Libraries at University of Nebraska-Lincoln

 

Date of this Version

5-20-2015

Citation

Ajuwon, Grace, "Accessibility and Use of Online Health Information Resources by Doctors in Training Healthcare Institutions in Nigeria". (2015). Library Philosophy and Practice

Abstract

Introduction

The internet is an important source of information used to produce, store, process, and disseminate information. This study examined accessibility to and use of internet health information resources among doctors in training healthcare institutions in South-West Nigeria.

Methods

The study employed both quantitative and qualitative research methods for data collection. The Statistical Package for the Social Sciences (SPSS) was used for analyzing the data. Data were analyzed using descriptive statistics including frequency counts, percentages, charts, mean and standard deviation.

Results

The mean age of the respondents is 34.0 ± 4.46 years and 69.0% were males. The majority (93.5%) hold the Bachelor of Medicine/Surgery and Dental Surgery degrees. The internet was accessed by 36.3% respondents from a computer at home and office through personal subscription to service providers. More than two-thirds (69.5%) accessed internet health information resources daily from their homes while 56.8% did so with their mobile phones. Email, Google Yahoo and MEDLINE/PubMed were very easily accessed and used by the respondents. The respondents used internet health information resources mainly for academic purposes namely preparation for presentation (98.8%), examination (94.5%), research (93.1%).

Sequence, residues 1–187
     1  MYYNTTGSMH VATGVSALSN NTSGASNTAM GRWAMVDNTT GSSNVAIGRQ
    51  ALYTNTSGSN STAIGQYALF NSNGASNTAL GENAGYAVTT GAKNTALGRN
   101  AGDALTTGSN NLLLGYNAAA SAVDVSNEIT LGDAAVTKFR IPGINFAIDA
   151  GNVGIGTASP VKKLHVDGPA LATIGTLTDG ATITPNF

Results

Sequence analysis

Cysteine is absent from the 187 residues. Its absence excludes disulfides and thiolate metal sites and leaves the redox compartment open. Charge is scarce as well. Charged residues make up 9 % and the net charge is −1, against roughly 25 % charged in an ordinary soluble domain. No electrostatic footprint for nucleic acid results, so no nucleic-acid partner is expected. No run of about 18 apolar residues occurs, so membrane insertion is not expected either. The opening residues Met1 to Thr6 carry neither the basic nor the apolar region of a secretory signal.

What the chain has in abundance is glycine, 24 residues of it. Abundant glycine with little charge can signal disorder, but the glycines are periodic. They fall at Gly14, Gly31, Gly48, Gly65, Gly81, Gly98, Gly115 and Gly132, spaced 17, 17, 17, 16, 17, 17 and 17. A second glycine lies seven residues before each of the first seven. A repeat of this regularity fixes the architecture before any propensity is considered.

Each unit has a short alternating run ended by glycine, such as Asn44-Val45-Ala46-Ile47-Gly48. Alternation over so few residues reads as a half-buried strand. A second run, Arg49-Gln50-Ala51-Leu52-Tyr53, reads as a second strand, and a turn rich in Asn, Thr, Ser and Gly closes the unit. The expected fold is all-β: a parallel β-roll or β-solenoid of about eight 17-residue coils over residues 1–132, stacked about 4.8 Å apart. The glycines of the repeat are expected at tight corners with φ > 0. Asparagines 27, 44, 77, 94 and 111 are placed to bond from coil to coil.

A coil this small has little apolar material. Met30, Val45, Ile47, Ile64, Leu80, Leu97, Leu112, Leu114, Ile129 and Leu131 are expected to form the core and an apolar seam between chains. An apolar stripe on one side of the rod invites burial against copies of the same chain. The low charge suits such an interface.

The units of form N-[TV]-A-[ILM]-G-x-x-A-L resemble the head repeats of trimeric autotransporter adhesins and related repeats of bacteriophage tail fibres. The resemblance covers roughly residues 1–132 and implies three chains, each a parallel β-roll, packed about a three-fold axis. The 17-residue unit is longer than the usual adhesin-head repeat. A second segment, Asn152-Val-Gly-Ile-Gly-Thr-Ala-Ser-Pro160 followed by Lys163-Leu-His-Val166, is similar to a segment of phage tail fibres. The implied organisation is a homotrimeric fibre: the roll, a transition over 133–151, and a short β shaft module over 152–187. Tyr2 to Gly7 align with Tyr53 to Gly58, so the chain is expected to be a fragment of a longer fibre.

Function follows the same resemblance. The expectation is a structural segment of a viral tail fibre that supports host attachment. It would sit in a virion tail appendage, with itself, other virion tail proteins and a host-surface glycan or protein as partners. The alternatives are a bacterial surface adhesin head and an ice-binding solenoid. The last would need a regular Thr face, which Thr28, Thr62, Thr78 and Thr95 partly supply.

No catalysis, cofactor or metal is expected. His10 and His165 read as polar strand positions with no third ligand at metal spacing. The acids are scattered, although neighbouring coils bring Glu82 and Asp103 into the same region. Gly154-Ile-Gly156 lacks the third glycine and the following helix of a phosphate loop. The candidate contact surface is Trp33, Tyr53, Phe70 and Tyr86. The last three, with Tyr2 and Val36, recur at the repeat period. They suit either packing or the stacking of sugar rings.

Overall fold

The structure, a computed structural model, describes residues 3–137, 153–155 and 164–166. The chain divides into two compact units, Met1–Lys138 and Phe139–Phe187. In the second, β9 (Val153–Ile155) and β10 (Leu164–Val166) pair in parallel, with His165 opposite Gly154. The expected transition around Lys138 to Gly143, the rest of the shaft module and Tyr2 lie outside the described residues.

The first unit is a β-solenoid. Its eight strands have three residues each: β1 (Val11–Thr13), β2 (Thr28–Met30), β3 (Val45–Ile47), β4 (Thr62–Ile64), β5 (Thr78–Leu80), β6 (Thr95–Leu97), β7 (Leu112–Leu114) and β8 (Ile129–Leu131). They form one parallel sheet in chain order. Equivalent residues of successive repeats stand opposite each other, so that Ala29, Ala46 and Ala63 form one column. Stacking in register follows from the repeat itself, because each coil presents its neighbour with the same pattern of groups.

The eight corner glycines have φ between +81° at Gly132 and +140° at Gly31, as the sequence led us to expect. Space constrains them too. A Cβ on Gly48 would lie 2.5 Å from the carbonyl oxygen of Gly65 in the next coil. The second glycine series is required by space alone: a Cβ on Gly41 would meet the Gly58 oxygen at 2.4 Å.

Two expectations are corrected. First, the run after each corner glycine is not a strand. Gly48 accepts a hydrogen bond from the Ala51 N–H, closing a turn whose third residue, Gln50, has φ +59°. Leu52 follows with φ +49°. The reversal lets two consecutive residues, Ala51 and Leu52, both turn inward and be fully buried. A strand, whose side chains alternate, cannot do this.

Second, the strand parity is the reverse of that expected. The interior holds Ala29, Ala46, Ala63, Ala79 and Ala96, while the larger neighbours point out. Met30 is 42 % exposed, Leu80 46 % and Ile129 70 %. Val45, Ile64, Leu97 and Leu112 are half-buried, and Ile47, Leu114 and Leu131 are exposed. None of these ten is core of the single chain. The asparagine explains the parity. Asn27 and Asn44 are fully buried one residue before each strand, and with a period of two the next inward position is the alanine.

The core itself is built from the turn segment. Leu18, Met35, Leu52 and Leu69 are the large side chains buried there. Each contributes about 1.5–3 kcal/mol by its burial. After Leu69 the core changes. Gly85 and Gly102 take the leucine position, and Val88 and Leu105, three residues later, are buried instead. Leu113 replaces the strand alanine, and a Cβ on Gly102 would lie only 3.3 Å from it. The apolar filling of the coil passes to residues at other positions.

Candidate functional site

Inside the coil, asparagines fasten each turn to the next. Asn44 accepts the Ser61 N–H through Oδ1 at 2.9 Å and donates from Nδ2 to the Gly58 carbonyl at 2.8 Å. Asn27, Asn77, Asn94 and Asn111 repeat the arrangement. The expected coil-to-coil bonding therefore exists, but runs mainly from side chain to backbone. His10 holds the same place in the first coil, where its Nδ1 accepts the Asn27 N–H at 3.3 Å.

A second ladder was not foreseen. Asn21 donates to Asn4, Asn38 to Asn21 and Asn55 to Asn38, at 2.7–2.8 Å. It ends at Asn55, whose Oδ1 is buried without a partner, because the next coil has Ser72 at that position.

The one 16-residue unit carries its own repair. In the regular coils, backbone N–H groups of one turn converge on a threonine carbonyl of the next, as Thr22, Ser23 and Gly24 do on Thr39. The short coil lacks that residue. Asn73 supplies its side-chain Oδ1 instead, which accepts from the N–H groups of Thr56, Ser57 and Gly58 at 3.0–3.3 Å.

Conclusion

Internet use at home has increased with more people now accessing information online with their mobile phones. The constraints to use of internet health information resources are slow connection speed, frequent power outages, low bandwidth, lack of time and high connection costs. The management of the 13 healthcare institutions should make available internet facilities to encourage use of online information resources by medical professionals. Librarians should intensify effort in promoting information literacy skills to healthcare professionals, create awareness on available resources and teach doctors how to access and retrieve online health information.

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